DeLouise recalls that Kenley gave him the chance to appear with legends Mickey Rooney and Joan Rivers in out-of-the-way towns. "It was like a vacation," DeLouise says. "The theaters were packed and the people were screaming."

Kenley says, "People ask me, ‘How do you get these big stars? They must all love you so.' " To which he tells them, "They don't love me. I deal with their managers and pay them $30,000 a week."

Changing Times

Kenley is proud that he never borrowed money to produce his shows, and he laments the current state of Broadway, with producers who serve as financial backers and have no hands-on role in the theater.

Today, he says, people who call themselves producers are simply investors. "Now, the producers can't even get you a job," he says. "These days, the average producer on Broadway has never even read a play. They only know revivals."

In his day, Kenley adds, "after the directors got through, the producer would put on the panache." Kenley recalls a production of Neil Simon's "Pajama Game" in which he edited language and added a dance scene to show off his star's skills. His reputation for such tweaking motivated Simon to send letters saying, "Do not change my dialogue, John Kenley!"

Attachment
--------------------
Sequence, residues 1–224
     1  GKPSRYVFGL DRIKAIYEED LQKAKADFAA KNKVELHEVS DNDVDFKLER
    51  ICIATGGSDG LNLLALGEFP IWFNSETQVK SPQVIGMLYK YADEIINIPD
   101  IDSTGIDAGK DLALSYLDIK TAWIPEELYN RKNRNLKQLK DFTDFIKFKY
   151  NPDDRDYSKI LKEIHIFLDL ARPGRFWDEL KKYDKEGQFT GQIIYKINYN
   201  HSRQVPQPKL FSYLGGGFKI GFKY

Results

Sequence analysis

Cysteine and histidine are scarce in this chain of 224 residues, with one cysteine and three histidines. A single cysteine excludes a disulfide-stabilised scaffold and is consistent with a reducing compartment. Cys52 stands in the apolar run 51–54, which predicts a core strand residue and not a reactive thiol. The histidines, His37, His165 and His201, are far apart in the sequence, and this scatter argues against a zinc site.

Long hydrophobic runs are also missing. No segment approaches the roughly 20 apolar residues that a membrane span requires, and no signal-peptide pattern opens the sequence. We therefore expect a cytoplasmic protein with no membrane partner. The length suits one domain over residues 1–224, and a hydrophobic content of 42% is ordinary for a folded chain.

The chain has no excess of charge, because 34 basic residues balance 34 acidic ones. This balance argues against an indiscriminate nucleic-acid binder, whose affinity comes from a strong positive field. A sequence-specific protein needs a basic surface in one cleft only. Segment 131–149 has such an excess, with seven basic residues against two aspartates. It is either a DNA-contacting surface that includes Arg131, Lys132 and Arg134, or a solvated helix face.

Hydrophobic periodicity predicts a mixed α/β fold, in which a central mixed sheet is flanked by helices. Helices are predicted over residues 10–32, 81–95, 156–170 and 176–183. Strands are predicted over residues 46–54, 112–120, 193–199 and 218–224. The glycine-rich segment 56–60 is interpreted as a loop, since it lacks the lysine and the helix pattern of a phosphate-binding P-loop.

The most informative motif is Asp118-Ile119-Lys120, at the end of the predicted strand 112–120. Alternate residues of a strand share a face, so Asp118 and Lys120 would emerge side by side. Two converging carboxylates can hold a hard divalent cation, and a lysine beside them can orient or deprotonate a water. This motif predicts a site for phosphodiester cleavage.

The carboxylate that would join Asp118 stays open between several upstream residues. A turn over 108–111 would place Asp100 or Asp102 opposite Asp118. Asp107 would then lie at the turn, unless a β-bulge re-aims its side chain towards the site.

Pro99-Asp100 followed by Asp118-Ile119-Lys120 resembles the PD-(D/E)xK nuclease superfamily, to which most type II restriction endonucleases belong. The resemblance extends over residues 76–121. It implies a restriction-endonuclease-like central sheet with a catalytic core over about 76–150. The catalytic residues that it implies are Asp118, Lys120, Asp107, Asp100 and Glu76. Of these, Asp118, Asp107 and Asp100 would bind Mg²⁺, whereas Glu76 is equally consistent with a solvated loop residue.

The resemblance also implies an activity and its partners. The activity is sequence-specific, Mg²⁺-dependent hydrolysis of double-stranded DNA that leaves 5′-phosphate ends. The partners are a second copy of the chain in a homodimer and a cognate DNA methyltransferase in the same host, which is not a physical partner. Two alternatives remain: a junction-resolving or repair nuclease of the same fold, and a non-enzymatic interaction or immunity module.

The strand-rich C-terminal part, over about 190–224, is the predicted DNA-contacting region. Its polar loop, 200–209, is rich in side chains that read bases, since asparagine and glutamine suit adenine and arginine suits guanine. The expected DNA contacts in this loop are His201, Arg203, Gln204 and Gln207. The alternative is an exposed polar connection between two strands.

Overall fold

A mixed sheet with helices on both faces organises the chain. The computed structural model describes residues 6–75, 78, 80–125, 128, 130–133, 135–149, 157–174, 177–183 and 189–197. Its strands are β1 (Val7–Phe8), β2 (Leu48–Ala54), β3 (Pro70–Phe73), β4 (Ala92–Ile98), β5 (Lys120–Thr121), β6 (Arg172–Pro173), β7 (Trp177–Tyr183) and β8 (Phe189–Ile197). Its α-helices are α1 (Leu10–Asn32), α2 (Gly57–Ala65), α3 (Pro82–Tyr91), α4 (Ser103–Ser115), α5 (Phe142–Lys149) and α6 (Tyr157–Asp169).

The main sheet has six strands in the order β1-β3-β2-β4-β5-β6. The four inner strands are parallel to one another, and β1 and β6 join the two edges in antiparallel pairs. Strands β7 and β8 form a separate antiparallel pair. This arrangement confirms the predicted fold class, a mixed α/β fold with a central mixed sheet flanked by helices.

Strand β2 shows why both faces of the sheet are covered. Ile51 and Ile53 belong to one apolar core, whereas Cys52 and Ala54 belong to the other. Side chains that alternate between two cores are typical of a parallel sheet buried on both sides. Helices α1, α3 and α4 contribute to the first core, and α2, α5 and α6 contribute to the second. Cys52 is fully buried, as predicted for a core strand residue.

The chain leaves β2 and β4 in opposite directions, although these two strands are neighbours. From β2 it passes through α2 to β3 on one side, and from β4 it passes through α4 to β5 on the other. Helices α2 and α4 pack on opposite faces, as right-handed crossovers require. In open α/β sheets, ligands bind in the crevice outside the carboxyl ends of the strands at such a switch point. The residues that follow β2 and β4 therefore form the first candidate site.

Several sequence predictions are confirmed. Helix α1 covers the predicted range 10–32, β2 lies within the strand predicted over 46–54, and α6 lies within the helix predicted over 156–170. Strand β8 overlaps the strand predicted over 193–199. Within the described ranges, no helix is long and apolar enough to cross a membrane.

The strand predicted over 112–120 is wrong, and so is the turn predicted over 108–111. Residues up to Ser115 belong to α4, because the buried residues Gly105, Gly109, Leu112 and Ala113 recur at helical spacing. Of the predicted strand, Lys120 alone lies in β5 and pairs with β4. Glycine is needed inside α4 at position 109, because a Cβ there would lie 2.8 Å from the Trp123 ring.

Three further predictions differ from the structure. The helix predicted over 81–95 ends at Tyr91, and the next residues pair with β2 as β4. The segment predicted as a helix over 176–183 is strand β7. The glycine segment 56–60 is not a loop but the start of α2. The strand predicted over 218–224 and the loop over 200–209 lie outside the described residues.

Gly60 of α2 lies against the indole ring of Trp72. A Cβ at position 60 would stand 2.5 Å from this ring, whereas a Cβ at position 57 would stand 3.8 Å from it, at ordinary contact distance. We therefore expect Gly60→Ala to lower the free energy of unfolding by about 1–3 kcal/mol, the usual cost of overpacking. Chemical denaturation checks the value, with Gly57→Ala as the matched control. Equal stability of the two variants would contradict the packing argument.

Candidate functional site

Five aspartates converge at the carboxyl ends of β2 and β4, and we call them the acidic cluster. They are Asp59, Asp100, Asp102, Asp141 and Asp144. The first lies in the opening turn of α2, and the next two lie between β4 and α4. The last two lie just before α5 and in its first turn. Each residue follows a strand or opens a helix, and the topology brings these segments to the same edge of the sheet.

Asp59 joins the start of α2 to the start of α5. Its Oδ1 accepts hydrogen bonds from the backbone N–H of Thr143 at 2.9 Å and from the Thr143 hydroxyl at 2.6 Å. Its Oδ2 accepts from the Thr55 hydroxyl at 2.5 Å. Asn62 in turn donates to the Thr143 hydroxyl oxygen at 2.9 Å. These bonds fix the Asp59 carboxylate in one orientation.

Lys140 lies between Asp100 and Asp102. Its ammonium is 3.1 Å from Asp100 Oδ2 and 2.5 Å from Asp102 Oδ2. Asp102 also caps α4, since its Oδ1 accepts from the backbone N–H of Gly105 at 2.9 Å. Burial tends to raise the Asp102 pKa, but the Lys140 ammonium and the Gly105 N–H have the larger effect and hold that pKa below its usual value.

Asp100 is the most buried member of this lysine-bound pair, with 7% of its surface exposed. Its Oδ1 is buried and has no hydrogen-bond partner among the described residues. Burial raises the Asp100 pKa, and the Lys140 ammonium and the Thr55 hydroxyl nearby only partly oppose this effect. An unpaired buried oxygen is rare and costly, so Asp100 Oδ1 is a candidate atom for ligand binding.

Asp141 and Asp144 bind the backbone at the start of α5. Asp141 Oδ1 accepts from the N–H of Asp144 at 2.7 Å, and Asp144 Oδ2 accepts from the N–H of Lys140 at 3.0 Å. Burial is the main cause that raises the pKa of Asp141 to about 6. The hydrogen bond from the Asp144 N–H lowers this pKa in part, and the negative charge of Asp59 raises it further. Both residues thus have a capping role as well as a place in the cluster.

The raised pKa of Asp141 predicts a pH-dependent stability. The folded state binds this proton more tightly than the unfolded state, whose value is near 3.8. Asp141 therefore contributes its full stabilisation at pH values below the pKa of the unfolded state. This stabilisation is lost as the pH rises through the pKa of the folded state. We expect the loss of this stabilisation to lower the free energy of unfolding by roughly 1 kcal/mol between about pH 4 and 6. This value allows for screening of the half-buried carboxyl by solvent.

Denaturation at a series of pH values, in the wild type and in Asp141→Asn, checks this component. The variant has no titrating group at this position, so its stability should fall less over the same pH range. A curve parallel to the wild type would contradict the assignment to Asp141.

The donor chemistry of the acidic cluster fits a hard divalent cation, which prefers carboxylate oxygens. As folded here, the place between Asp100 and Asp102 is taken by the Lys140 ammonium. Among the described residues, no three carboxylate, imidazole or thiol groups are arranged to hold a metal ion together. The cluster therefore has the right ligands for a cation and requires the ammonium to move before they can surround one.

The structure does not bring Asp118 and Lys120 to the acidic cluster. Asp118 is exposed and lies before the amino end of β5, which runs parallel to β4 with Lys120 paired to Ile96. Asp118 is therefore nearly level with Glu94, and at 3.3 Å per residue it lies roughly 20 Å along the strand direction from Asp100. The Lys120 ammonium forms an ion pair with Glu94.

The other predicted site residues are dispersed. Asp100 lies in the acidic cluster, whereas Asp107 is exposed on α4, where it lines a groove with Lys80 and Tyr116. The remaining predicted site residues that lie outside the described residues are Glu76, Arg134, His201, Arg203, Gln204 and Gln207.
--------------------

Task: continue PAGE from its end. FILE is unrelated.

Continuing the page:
Another time, DeLouise was both director and star in a Broadway production of "Last of the Red Hot Lovers." Actors were taking their time with the lines and the audience was laughing, but only politely. "John told me, ‘The people have to pay 50 cents more to keep the parking-lot attendants overtime,' " DeLouise recalls. "So he told me no one can pause before or after their lines. And we cut 35 minutes from the show without removing any dialogue, and the audience loved it."

Kenley has touched every aspect of his theaters. He always served as his own press agent, and says one of his tactics for promoting stars was to call busy restaurants at lunchtime on performance days to have them paged. He even sold tickets in his old box offices.